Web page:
Lifestyle & Belief

10 Years After the Invasion, One Iraqi Struggles With His Identity

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U.S. Marine Corp Assaultman Kirk Dalrymple watches as a statue of Iraq's President Saddam Hussein falls in central Baghdad April 9, 2003. U.S. troops pulled down a 20-foot (six
metre) high statue of President Saddam Hussein in central Baghdad on Wednesday and Iraqis danced on it in contempt for the man who ruled them with an iron grip for 24 years. In scenes reminiscent of the fall of the Berlin Wall in 1989, Iraqis earlier took a sledgehammer to the marble plinth under the statue of Saddam. Youths had placed a noose around the statue's neck and attached the rope to a U.S. armoured recovery vehicle. PP03040026 Pictures of the month April 2003 REUTERS/Goran Tomasevic Pictures of the Year 2003 PP04020111 AS/DMO - RTRLMS1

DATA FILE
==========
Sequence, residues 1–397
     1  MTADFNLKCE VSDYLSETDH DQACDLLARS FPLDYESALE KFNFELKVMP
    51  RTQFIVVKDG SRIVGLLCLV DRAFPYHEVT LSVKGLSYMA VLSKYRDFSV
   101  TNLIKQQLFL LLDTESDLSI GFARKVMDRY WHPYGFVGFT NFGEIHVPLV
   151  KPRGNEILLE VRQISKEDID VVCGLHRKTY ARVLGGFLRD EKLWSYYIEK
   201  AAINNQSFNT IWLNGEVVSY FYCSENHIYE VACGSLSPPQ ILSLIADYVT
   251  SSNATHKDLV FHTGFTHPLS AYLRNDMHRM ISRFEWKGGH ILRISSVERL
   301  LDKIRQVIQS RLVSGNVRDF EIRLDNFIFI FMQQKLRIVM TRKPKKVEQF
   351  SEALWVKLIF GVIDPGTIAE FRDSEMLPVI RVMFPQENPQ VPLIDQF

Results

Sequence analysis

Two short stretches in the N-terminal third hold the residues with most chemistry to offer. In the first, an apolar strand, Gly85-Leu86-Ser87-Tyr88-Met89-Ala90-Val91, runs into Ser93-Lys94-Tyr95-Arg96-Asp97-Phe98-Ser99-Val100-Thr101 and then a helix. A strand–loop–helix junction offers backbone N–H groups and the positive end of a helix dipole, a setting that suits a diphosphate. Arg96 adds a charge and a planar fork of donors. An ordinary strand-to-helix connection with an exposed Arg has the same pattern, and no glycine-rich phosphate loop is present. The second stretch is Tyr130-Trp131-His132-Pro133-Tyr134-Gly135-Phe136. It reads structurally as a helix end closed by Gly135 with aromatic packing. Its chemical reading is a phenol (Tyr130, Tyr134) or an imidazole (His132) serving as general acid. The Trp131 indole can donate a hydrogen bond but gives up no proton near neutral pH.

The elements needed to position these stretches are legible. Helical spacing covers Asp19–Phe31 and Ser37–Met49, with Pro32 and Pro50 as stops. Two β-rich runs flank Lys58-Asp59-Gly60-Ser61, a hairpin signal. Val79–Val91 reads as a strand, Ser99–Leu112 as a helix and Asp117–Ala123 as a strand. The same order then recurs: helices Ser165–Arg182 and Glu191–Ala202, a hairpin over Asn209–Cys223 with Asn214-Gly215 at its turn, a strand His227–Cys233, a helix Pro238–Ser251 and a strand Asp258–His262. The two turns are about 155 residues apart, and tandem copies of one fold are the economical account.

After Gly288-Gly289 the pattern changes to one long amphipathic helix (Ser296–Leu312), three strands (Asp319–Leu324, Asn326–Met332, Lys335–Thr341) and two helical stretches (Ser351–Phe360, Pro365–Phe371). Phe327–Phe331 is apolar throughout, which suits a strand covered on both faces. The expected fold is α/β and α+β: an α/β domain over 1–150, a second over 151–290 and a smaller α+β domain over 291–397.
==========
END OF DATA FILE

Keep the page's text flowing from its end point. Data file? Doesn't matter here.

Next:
Credit:

Reuters

A decade ago, just after the start of the war, a young Iraqi named Nechirban Yousif decided to go home.

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This story is based on a radio interview. Listen to the full interview.

He'd been living in Britain after fleeing Saddam Hussein's regime in 1998 but his family remained in the northern Iraqi city of Mosul and he wanted to visit them.

Yousif has spent the past 10 years going back and forth between Britain and Iraq many times.

He says the war has changed many things including how he identifies himself.

"I'm Sunni, Kurdish," Yousif says. "When I come in 1998 [to Britain] they asked me are you Sunni or Shiite. I didn't know what means Sunni or Shiite. You didn't hear in Iraq he was Sunni or Shiite or Arabic…Iraqi is Iraqi."

Anchor Marco Werman spoke more with Yousif about his struggles with his Iraqi identity.